Hungary unveils bust of Yunus Emre, symbol of friendship with Türkiye

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Editor : Koray Erdoğan
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At a ceremony held at the Hungarikum Ligette Museum, a bust of Yunus Emre, symbolizing the friendship of Turkish and Hungarian cultures, was unveiled

Hungary unveils bust of Yunus Emre, symbol of friendship with Türkiye

As part of the 2024 Turkish-Hungarian Year of Culture, the bust made by Hungarian artist Gyorgyi Lantos in memory of the mystic and poet Yunus Emre was inaugurated in Kecskemet, Hungary.

The opening ceremony, which was hosted by Deputy Speaker of the Hungarian Parliament Sandor Lezsak in cooperation with the Lakitelek Foundation and Yunus Emre Institute (YEE). It was attended by 29th Speaker of the Turkish Parliament Mustafa Sentop, Türkiye's Ambassador to Budapest Gulsen Karanis Eksioglu, Commissioner of the Turkish-Hungarian Cultural Year Peter Hoppal, Deputy State Secretary of the Hungarian Ministry of Foreign Affairs Henrietta Balajthy, President of the Turkish Friendship Group in the Hungarian Parliament Attila Tilki and Director of YEE Budapest Mustafa Aydogdu among others. 

Lezsak expressed pleasure in hosting the unveiling of the bust of Yunus Emre, the most important Turkish poet and mystic of the 13th century.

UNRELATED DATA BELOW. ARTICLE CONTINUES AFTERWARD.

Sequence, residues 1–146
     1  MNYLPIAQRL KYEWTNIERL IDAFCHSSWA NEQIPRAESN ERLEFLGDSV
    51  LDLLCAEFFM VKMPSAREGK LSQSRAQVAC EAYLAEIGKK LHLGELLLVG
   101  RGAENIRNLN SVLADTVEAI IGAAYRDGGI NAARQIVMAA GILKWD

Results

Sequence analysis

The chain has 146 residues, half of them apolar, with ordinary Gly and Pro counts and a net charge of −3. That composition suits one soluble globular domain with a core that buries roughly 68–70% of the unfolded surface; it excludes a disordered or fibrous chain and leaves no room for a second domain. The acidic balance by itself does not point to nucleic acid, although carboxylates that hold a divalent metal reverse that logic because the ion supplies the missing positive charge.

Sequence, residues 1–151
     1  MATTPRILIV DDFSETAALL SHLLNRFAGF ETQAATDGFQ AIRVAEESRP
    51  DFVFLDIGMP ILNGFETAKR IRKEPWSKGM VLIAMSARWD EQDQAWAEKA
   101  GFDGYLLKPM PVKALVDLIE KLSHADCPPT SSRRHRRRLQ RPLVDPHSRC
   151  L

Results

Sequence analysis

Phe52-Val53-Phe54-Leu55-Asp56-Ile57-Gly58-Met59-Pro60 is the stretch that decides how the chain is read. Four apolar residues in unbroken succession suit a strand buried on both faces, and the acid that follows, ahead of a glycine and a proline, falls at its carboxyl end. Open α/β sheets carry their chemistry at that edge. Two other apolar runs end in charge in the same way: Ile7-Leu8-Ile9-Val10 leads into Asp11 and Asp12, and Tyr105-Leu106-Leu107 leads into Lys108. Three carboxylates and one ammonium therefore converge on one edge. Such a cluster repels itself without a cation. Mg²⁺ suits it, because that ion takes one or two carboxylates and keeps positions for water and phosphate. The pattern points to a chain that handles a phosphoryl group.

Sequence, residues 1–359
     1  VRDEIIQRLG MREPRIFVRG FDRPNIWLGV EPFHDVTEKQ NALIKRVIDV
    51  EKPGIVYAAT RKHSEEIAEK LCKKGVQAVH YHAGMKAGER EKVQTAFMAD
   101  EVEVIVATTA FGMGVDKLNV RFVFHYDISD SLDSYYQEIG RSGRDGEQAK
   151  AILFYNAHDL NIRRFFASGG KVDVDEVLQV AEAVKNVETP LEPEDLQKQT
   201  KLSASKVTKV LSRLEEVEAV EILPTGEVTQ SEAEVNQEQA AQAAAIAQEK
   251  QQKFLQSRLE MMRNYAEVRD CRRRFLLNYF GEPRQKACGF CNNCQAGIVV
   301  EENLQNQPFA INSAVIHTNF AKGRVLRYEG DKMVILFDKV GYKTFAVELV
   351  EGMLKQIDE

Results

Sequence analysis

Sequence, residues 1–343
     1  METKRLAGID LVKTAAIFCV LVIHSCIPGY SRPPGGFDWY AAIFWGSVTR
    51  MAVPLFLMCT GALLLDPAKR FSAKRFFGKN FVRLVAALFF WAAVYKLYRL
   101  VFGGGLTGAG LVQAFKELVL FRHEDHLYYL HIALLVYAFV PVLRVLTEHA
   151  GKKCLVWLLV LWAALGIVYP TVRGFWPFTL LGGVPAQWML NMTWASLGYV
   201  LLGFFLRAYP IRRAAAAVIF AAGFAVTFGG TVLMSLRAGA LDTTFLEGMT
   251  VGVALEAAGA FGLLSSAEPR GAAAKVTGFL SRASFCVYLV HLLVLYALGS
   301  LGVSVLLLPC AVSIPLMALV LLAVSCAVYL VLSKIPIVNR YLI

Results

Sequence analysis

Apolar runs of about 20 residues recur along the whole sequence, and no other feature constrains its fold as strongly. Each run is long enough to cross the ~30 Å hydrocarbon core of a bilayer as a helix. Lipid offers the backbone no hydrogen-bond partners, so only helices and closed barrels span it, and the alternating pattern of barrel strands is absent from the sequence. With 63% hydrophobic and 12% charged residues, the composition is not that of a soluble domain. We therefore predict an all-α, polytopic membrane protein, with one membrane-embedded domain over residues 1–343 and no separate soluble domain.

Lezsak said, “Yunus Emre's messages of love, tolerance and brotherhood are still valid today. This bust will be a permanent symbol of friendship and cultural exchange between the two countries.”

Noting that Hungarikum Ligette is also a school, Lezsak said that they will soon start Turkish lessons here.

Eksioglu pointed out that the town of Lakitelek, where the Hungarikum Ligette Museum is located, has already become an important meeting point not only for the precious treasures of Hungarian culture but also for the cultural values of the Turkish world.

Eksioglu expressed happiness at the statue of Yunus Emre, emphasizing his significance in Turkish language and civilization. They also noted Türkiye's practice of naming cultural centers abroad after Yunus Emre, similar to Hungary's naming of centers after poet Balint Balassi and composer Liszt Ferenc.

Stating that there are currently 85 YEE centers in 65 countries promoting the Turkish language, culture and art, Eksioglu said, “Yunus Emre's values of love, tolerance and humanity are among the common values of both peoples. This bust is an important symbol that will convey his philosophy and the universality of his poems to future generations.”

Sentop said he was very happy to be present at this ceremony, which was organized as a concrete indicator of Türkiye-Hungary friendship. He also said that Yunus Emre used the Turkish language in a very beautiful and effective way, inviting people to what is good and beautiful and giving universal messages encompassing humanity in his poems.

After the speeches, a concert of Yunus Emre's poems in Turkish and Hungarian was organized by Hungarian folk music singer Tilla Torok and her band, who learned Turkish at YEE Budapest.

Source: Newsroom

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